"But it's perfectly possible to get more than 500 calories in a Starbucks drink."Many people assume that drinks are not calorific, but some contain huge amounts of calories and fat," says Bridget Aisbitt, a nutrition scientist at the British Nutrition Foundation.But, the addition of syrups, such as banana and chocolate, turn them into a dieter's disaster. How to make it healthier: Skip the whipped cream to save 94 calories (131 in a large frappuccino).
How to make it healthier: Order a small skinny (skimmed milk), no-whip (without cream) dark mocha and your calorie count drops to 175.CHAI TEA LATTEWhat is it: A spiced tea mixed with whole milk and honey. Fat: Small, 5.3g (3.3g saturated); large, 9.2g (5.7 saturated).A recent report in The Journal Of The American Dietetic Association revealed that non-alcoholic beverages account for almost one quarter of Americans' calorie intake and half of all their added sugar. The American nutritional advocacy group, the Center for Science in the Public Interest, now says anyone who feels virtuous for grabbing a Starbucks latte, rather than something from Mc Donald's, is misguided."Most people wouldn't consider packing in a quarter-pounder between breakfast and lunch," says the centre's nutritionist, Jayne Hurley.How to make it healthier: Choose a milk-free iced tea (black or green) for just 80 calories and no saturated fat. It is fat-free and rich in disease-fighting antioxidants.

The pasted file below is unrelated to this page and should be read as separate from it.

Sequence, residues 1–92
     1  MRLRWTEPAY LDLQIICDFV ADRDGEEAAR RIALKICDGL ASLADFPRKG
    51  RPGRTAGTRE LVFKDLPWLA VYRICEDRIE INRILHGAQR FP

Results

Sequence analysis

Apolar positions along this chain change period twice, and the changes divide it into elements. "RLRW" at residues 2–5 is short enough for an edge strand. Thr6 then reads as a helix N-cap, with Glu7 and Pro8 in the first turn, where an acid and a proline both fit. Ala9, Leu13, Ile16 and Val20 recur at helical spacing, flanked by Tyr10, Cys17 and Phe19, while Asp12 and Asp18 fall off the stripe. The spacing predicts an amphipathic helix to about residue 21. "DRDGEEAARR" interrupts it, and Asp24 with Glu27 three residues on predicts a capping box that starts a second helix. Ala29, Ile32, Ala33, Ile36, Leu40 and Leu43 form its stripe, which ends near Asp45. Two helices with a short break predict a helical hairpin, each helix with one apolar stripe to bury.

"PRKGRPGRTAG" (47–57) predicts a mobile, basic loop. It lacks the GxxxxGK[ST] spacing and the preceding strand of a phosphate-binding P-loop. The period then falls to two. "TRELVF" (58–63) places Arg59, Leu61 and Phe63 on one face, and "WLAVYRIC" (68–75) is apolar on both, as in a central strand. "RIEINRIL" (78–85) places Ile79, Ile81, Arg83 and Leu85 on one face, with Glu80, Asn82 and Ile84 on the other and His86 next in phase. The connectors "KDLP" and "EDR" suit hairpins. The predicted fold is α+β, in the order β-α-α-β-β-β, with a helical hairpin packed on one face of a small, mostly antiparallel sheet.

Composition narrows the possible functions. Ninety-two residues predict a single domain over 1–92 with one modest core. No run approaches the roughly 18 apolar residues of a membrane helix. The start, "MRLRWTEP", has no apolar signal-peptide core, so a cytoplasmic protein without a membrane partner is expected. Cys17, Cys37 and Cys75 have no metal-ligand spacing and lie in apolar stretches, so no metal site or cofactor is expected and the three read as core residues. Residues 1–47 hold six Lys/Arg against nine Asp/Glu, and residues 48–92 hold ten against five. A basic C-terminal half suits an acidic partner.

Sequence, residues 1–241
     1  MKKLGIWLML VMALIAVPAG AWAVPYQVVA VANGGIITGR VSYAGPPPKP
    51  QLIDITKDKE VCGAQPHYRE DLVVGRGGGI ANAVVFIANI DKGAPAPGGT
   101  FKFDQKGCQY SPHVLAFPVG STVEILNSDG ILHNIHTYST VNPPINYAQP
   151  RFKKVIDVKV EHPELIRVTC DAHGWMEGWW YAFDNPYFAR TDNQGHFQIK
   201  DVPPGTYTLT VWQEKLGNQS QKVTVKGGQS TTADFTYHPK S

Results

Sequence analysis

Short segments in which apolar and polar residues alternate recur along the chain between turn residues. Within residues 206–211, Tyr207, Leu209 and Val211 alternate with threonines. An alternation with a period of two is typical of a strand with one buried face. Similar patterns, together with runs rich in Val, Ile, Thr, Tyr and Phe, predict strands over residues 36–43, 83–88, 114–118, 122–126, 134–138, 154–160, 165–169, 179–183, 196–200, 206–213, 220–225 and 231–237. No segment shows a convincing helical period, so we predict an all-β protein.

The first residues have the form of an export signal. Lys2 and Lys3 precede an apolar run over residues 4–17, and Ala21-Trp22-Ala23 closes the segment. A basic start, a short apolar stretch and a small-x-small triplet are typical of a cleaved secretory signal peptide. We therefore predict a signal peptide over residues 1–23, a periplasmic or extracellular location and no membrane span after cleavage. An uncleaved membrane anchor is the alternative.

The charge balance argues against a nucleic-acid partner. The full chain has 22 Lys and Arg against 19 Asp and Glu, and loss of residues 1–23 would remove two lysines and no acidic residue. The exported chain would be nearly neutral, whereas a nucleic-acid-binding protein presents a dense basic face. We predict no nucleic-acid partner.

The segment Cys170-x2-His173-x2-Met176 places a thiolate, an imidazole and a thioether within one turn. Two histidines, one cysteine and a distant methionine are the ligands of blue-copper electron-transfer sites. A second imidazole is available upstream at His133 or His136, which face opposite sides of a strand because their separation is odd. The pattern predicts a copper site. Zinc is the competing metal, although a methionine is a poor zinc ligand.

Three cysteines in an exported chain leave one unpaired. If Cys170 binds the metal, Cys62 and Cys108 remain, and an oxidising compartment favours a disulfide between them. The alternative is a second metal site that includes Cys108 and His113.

Five ways to cut down the calories It's not all bad news - coffee has been shown to have several health benefits.But avoid caramel and other flavoured macchiatos - a large one has 390 calories and 17.4g of fat.HOT CHOCOLATEWhat is it: Chocolate drunk with whole milk, often topped with whipped cream. Fat: Small, 18.7g (10.7g saturated); large, 27g (15.2g).Verdict: A large cup has the calories and fat content of three hot dogs, according to the Centre for Science in the Public Interest.Worse is a large, white, hot chocolate containing a whopping 719 calories and 33.4g of fat.A few studies suggest that a high intake of caffeine promotes the leeching of calcium from bones, but the National Osteoporosis Foundation says adding milk will offset any such risk. Consuming more than 5-6 cups a day is not recommended by doctors or nutritionists, but a strong black coffee 1-2 hours prior to exercise has been shown to be beneficial.